Tongue was considered a delicacy, even though it cost pennies in those days long ago when I was growing up in New York City. My mother would boil tongue for hours on the stove, sending wafts of strong, gamy odors that probably made the neighbors in our tenement building think we were cooking up a banquet of hummingbird tongues, cockscomb fringes and doe cheeks.
Who knows what? The point is that my mother, an excellent cook, knew what to do with tongue. No one else I've met since seems to know.
Beef and calf's tongue is a specialty of all countries where beef and lamb are produced. That takes in almost the world. In the United States, acceptance of lamb generally and organ meats in particular has been somewhat retarded. Americans consume 1.4 pounds of lamb per capital per retail weight, compared with 72.5 pounds for beef in 1988, according to the American Meat Institute. Organ meat, in all red-meat categories, had a per capita consumption of 8.5 pounds in 1988 (2 billion total pounds domestically), with beef liver probably making up the bulk, according to Jens Knutson, an economist at the American Meat Institute. Export of organ meats to European markets amounted to 565 million total pounds in 1987.
A Vons Grocery Co. meat buyer claims that sales of beef and lamb tongue have dropped dramatically in the last 10 to 15 years--about 40% to 50%.
"People don't know how to use tongue, even though it's a fine meat with practically no waste, and it's an available product," said the Vons representative. Most of the tongue consumed in Los Angeles is chiefly by Latinos, Jewish delis, sandwich shops and fancy restaurants. Except for Latino markets, promotion because of low demand is almost nil.
Thanks to French chefs working in the United States who have helped introduce lamb and beef tongue to some measure, Americans are learning how versatile and inexpensive tongue can be, especially during the summer picnic season. Tongue lends itself especially well to serving cold as a first course or salad, as you would pate.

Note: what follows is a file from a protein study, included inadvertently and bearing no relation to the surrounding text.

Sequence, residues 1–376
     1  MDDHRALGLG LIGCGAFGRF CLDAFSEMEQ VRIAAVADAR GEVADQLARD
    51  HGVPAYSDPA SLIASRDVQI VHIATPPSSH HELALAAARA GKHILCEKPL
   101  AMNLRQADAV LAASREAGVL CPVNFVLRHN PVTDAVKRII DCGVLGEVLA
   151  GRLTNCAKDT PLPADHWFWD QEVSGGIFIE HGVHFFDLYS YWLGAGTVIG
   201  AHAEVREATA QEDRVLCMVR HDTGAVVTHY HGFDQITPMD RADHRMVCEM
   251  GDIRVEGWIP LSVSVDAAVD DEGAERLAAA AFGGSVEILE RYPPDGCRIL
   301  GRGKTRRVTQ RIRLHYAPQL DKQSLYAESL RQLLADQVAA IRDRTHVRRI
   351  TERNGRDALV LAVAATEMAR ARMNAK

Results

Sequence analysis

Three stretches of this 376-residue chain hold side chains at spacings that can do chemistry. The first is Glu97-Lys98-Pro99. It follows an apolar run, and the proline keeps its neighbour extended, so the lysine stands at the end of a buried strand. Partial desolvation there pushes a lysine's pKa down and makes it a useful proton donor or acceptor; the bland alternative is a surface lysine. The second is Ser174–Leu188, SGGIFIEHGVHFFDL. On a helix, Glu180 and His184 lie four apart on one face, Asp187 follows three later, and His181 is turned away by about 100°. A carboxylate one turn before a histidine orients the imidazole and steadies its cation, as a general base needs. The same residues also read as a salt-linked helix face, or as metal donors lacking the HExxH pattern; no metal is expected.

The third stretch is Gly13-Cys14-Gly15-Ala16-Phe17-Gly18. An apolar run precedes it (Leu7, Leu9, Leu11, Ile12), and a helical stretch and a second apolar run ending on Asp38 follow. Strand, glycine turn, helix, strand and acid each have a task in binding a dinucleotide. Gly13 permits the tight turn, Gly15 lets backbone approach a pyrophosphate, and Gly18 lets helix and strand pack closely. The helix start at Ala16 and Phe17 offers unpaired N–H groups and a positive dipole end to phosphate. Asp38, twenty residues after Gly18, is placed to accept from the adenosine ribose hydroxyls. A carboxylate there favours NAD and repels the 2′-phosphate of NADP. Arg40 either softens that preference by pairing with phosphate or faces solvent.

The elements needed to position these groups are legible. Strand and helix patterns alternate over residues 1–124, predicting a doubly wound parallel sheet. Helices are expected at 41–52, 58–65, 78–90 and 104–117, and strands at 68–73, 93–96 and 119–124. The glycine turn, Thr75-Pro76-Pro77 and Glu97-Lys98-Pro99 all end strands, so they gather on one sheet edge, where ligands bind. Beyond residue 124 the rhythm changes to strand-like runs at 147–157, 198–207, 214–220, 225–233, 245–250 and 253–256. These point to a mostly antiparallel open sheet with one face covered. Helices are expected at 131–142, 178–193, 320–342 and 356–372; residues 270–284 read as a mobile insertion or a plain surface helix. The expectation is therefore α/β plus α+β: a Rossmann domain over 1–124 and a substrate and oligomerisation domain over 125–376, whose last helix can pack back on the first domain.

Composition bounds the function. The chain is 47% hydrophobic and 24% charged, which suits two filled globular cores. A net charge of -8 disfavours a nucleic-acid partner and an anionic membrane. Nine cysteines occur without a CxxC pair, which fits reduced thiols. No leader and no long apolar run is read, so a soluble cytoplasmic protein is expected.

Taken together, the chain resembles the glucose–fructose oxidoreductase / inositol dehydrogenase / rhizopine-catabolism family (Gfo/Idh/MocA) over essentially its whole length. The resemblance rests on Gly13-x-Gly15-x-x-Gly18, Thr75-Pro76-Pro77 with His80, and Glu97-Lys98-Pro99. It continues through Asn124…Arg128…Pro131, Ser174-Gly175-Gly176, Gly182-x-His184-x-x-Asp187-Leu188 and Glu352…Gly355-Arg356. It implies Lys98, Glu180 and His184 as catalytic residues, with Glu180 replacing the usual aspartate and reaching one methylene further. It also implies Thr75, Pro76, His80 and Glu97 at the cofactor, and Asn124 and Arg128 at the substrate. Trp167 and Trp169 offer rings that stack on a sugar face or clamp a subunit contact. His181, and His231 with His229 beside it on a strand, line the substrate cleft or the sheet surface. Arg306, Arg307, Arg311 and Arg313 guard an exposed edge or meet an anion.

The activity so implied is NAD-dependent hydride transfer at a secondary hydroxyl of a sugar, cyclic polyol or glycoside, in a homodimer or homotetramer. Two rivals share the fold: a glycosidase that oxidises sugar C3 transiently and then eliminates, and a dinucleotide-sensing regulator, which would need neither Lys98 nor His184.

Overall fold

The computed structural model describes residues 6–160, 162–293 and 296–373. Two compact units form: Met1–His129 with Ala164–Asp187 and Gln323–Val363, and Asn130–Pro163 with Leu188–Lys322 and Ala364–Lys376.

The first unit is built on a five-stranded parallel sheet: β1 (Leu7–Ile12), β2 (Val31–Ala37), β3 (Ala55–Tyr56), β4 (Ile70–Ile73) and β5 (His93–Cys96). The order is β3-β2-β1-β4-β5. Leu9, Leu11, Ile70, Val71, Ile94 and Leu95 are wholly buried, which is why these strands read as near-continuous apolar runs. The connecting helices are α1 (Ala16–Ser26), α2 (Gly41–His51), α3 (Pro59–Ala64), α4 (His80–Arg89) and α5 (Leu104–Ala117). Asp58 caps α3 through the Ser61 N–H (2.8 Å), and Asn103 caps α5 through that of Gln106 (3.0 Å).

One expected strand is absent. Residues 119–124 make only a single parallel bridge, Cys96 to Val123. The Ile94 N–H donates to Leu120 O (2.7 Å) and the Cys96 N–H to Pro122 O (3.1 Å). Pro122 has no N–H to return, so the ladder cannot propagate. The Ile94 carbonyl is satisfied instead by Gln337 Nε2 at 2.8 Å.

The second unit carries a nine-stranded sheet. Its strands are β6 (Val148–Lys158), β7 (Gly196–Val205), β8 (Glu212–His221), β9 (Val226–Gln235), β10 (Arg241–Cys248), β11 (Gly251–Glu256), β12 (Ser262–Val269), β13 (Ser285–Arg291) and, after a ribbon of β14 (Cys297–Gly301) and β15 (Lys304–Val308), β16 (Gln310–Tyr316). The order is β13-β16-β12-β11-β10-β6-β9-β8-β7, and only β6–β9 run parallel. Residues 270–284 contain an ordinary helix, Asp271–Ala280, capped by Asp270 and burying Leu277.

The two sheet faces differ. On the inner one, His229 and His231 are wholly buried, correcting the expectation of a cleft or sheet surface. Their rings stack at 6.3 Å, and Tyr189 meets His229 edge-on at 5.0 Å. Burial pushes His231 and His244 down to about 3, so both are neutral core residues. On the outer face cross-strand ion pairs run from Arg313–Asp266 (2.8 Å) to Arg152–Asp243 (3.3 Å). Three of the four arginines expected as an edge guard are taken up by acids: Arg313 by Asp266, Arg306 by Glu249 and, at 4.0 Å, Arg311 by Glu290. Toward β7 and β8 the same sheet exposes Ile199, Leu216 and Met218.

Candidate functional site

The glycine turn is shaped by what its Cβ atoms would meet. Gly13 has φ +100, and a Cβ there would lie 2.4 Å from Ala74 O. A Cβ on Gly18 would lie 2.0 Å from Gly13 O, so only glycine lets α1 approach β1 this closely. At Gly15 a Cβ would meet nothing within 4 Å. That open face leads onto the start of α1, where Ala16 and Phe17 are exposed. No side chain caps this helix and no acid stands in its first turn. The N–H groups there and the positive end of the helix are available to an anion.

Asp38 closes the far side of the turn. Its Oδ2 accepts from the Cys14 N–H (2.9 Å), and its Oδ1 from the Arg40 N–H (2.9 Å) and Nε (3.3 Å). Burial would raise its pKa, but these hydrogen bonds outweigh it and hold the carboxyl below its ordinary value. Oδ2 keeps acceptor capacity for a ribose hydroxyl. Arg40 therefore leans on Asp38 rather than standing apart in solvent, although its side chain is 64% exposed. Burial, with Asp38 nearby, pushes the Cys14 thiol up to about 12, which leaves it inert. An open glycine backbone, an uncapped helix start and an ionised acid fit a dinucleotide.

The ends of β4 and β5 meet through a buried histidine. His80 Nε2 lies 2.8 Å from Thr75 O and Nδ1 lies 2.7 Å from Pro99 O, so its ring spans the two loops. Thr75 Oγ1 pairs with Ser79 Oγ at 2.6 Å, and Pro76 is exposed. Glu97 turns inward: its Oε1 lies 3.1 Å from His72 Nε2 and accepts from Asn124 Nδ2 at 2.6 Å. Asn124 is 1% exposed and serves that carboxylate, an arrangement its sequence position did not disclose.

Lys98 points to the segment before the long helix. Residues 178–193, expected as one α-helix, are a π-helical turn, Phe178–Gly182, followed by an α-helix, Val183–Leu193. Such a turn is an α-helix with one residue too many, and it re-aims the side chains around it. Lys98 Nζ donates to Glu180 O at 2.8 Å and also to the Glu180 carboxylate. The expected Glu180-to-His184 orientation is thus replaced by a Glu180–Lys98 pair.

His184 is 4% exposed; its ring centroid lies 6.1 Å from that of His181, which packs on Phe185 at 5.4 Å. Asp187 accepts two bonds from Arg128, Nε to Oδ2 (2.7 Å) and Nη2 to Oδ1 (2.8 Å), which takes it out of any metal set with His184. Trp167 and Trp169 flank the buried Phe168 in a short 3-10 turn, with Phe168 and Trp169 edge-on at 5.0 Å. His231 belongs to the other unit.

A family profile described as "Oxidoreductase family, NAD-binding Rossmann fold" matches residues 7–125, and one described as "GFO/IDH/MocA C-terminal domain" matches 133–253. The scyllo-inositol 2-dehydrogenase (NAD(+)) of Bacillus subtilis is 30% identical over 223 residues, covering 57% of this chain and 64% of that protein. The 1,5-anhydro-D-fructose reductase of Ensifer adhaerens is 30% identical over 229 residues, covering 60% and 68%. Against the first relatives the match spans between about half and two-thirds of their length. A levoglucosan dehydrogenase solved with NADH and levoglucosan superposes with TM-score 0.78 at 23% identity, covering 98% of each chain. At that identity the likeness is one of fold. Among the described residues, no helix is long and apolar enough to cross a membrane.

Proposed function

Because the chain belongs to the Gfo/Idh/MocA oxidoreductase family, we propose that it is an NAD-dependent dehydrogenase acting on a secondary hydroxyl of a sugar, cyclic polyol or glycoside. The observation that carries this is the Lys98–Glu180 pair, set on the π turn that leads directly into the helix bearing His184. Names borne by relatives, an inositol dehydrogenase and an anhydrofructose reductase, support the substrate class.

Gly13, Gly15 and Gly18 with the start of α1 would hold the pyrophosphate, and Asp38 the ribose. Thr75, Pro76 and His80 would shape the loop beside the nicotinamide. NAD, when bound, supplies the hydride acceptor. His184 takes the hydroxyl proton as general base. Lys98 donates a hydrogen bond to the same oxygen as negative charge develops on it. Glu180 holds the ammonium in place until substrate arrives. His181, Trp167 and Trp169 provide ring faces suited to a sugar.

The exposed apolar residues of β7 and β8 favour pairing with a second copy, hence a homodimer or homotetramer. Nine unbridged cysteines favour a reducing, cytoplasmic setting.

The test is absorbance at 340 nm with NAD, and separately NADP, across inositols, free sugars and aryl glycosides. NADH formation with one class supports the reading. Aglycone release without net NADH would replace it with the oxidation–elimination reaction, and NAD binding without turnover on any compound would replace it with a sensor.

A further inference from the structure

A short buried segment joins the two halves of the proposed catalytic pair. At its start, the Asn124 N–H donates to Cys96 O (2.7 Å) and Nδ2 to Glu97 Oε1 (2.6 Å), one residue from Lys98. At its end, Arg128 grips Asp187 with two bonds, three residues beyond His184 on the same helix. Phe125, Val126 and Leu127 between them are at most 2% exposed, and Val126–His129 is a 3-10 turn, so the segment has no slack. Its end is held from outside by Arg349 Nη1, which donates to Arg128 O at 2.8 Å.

High Fat Content
Nutritionally, lamb and beef tongue fare comparably, providing appreciable amounts of iron and B vitamins. Protein content is about the same as well. A three-ounce serving of tongue that has been cooked has about 240 calories, two-thirds from fat. If you are watching intake of saturated fat, beef tongue, like pate, is a food that should be reserved for special occasions.
You will probably find fresh beef tongue more available than lamb tongue. Smoked tongue, which is cured, but requires further cooking, is also available on rare occasions. An average beef tongue weighs about 3 pounds, compared with 1/4 pound for lamb. Some aficionados prefer lamb tongue because of its greater tenderness and less coarse texture. Cost difference is slight. Beef tongues cost about $2.89 per pound prepackaged and lamb $2.29 at Vons. However, so-called "No. 2" (second-quality) tongues can be as low as $1.59 if frozen or if outer skin is mottled and bruised. "There is nothing wrong with seconds. The skin is removed anyway," said the Vons representative.
Tongue, a slow, long-cooking meat, can be prepared as you would less tender cuts of beef. It may be boiled, pickled, braised, baked or grilled. Any sauce may be added to cooked tongue, including curry, tomato, sweet and sour, as well as cold sauces, such as vinaigrette or dill sauce.
Tongue can be prepared well in advance and kept chilled in the refrigerator for several days. When cooking tongue, be sure to cover with water, skimming off scum as it cooks. When done, cool enough to peel off the outer skin (it will slip off easily) and slice meat as desired.
My mother would marinate tongue and slice it wafer-thin to serve as an appetizer. Sometimes, cold, sliced tongue went to our family beach picnics to serve in a sandwich. Other times, it would appear hot with a sauce as an entree.
To show how versatile tongue can be, we give several methods for cooking tongue and sauces to add to cooked tongue.
BOILED TONGUE WITH SAUCES
3 to 3 1/2 pounds uncooked smoked beef or calf's tongue
1 clove garlic
2 bay leaves
8 whole cloves
1/4 teaspoon mustard seed
6 whole black peppers
Sweet and Sour Sauce
Wash tongue and place in Dutch oven or deep kettle. Add garlic, bay leaves, cloves, mustard seed and peppers. Add cold water to cover and simmer, covered, until tender when pierced with fork, about 3 hours.
Remove tongue from water and let stand few minutes. Remove and discard skin, bones and excess fat. Cut meat across grain and serve cold with Vinaigrette or warm with Mustard Sauce, Caper Sauce or Sweet and Sour Sauce. Makes 6 to 8 servings.
3 tablespoons vinegar
6 tablespoons oil
1/2 teaspoon salt
1/8 teaspoon black pepper
2 teaspoons capers
1 tablespoon chopped parsley
1 tablespoon grated onion
Combine vinegar, oil, salt, pepper, capers, parsley and onion. Blend well. Makes about 1/2 cup.
2 tablespoons dry mustard
2 tablespoons boiling water